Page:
One of the regular complaints lodged against the new Trump administration is that the president’s long-discussed plans for job-boosting infrastructure investments are still largely a matter of vague promises that his allies in Congress don’t seem to take very seriously.
But hey, that may be unfair. There is one area where there’s a lot of excitement in the air about new construction and new jobs: in the private prison industry! And that’s not just because the president appears generally to enjoy incarcerating people, or because he strongly rejected the plans of both Barack Obama and Hillary Clinton to end the practice of warehousing criminals in for-profit facilities. No, there’s a real-live boom under way for private prison companies thanks to Trump’s early executive order calling for an expansion of detention centers for undocumented immigrants near the U.S.-Mexico border.
Overshadowed by the chaotically implemented and soon-stalled travel ban, Trump’s border-enforcement order is being implemented. And among other things, that’s meant happy days are here again for private prisons, as explained by Jenny Jarvie of the Los Angeles Times, who went to South Texas and felt the excitement:
When John Chavez peers through chain link and razor wire into the vast tent city that once housed one of the nation’s most notorious prisons for immigrants, he does not see a failed experiment.
Two years ago, inmates set fire to the sprawling [Willacy County Correctional Center] complex in protest of poor medical conditions, slashing holes in their tents and forcing the government to shut it down. Yet many people in this struggling South Texas county— like Chavez, who once worked as a security guard at the privately run prison — have high hopes the abandoned detention center will reopen.
Whether or not unemployed South Texas workers get their low-wage correctional jobs back, the companies that could be hiring them are already tasting sweet success:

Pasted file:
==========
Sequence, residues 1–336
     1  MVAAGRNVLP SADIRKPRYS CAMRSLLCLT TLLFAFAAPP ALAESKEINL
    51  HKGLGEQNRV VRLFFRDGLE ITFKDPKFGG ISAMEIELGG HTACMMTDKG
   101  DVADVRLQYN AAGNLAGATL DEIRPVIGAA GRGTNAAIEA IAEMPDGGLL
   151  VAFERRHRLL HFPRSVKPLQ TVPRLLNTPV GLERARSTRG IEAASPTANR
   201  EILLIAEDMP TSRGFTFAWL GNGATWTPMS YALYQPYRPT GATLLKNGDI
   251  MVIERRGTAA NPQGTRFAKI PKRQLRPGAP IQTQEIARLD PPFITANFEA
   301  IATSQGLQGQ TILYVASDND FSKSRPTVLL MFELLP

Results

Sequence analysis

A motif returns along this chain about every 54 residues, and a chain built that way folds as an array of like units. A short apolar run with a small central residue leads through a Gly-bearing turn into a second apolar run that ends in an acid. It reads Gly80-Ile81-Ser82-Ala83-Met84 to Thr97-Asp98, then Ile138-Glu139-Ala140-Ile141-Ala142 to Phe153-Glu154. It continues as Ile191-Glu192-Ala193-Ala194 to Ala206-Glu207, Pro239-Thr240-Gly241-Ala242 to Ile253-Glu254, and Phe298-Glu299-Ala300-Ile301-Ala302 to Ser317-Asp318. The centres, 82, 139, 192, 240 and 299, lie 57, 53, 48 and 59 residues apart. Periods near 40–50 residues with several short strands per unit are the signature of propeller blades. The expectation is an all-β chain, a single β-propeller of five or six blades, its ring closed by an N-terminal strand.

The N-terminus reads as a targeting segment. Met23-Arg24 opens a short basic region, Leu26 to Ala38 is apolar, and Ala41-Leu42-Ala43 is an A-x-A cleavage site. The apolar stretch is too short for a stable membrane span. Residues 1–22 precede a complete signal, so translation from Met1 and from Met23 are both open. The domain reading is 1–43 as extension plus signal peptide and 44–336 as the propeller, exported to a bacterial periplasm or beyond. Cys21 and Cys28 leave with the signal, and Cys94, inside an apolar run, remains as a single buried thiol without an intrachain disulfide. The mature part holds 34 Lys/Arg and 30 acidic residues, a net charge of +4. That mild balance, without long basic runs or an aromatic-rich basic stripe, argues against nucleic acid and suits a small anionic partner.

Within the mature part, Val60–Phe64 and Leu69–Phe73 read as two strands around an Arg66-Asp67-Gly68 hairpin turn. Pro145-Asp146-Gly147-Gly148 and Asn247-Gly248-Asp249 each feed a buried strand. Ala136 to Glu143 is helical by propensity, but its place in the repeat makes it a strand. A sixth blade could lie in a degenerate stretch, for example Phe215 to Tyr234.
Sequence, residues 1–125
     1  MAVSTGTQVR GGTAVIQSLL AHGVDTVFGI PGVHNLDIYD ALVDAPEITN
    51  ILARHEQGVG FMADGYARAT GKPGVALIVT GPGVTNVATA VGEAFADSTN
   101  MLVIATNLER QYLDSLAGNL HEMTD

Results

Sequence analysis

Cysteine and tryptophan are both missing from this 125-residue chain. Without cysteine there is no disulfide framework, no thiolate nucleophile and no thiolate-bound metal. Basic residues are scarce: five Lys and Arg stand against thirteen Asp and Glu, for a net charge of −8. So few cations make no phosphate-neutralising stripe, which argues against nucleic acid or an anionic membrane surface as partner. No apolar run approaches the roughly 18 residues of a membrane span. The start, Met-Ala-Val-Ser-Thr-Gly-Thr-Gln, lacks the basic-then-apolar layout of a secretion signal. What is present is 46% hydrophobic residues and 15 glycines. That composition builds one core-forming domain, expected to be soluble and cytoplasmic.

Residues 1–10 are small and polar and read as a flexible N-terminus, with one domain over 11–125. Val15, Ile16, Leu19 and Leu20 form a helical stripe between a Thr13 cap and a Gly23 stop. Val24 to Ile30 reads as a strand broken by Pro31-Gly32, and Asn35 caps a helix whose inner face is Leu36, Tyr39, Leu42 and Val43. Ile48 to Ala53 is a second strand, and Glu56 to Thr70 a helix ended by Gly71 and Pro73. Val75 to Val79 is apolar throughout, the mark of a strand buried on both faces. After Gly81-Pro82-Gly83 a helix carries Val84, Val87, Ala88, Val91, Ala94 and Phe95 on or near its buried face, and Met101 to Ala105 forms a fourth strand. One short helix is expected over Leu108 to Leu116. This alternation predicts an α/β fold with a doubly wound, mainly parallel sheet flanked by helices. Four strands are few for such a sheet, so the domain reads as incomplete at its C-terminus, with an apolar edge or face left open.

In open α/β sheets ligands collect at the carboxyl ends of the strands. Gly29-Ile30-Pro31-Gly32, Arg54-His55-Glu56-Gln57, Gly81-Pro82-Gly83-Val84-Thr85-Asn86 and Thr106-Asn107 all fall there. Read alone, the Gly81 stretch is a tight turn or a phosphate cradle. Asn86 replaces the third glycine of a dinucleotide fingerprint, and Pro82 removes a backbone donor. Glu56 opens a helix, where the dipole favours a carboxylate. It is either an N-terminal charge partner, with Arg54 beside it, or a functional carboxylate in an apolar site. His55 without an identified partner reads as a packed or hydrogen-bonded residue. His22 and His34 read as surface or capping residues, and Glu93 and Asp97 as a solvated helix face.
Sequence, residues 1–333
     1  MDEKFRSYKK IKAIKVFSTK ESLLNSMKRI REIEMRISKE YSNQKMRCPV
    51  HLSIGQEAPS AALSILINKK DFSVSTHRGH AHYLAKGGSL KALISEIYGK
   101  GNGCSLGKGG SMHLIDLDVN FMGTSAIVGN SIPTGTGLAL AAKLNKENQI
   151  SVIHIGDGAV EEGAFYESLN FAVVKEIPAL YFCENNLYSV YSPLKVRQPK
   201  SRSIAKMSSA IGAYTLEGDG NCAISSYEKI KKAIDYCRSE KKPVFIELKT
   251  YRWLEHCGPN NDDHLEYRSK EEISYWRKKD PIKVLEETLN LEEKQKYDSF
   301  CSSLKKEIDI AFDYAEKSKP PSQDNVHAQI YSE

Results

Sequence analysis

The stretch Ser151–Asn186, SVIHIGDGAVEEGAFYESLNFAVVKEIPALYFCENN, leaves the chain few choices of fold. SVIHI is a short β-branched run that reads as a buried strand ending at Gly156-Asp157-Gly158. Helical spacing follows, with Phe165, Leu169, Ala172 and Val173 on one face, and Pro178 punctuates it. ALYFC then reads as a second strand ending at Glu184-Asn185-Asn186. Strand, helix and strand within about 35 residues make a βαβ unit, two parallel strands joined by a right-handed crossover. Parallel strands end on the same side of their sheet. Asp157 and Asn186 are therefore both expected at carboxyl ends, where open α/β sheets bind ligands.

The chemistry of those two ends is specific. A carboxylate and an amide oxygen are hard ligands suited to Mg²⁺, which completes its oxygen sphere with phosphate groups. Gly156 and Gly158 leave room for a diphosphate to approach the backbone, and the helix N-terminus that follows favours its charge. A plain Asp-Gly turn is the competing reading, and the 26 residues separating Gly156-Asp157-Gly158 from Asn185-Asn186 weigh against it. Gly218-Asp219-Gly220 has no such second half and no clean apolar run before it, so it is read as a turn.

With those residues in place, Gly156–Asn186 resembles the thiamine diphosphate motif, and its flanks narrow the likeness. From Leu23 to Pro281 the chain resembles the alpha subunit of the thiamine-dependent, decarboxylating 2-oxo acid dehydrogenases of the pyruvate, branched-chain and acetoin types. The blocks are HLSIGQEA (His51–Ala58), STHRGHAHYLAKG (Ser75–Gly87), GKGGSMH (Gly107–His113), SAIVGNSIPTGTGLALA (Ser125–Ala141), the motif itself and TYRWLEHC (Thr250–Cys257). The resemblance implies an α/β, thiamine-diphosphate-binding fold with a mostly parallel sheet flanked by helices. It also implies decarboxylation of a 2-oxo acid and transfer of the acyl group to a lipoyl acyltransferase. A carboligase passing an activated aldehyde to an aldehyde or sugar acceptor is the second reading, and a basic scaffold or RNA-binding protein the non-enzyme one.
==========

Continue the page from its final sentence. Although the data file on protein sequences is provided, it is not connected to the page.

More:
Stocks for private prison companies have surged in the two weeks since President Trump signed an executive order calling for expansion of immigrant detention facilities at or near the border with Mexico, specifically authorizing the use of private contractors “to construct, operate, or control facilities” in what is expected to be a substantial ramp-up of the massive detention system that thrived under the Obama administration.
With the number of immigrant detainees already at historic levels, critics warn that rapidly expanding prisons will only exacerbate squalid living conditions and substandard medical care. The big beneficiaries, they say, will be stockholders and executives of for-profit prison companies.
Already two-thirds of the people being detained by federal immigration officials are housed in facilities run by private for-profit contractors. If — as appears very likely — detentions swell along with deportations under Trump, we’ll likely see a return and most probably an exacerbation of past incidents of poor conditions.
At the Willacy County facility Jarvie visited, horror stories abounded even before inmates burned the place down:
“The level of human suffering was just unbelievable,” Kathleen Baldoni, a former Willacy nurse, told a congressional briefing in 2009, adding she was unable to provide the level of medical care ethically required of her. A 2010 human rights report noted the prison had only one physician on staff to treat 1,358 inmates. The following year, a PBS documentary explored more than a dozen allegations of sexual abuse by Willacy guards.
And now the very company that ran Willacy then is seeking to reopen it, even though they are being sued by the county government for damages associated with its “abysmal management” of the facility.
Will negative publicity over such problems convince the Trump administration to slow down its drive to detain immigrants, or rely less on for-profit goals? It’s possible. But to the extent this administration appears to be pursuing a strategy of encouraging mass self-deportation of undocumented immigrants, word-of-mouth reports of brutal conditions in detention centers could be exactly what it wants.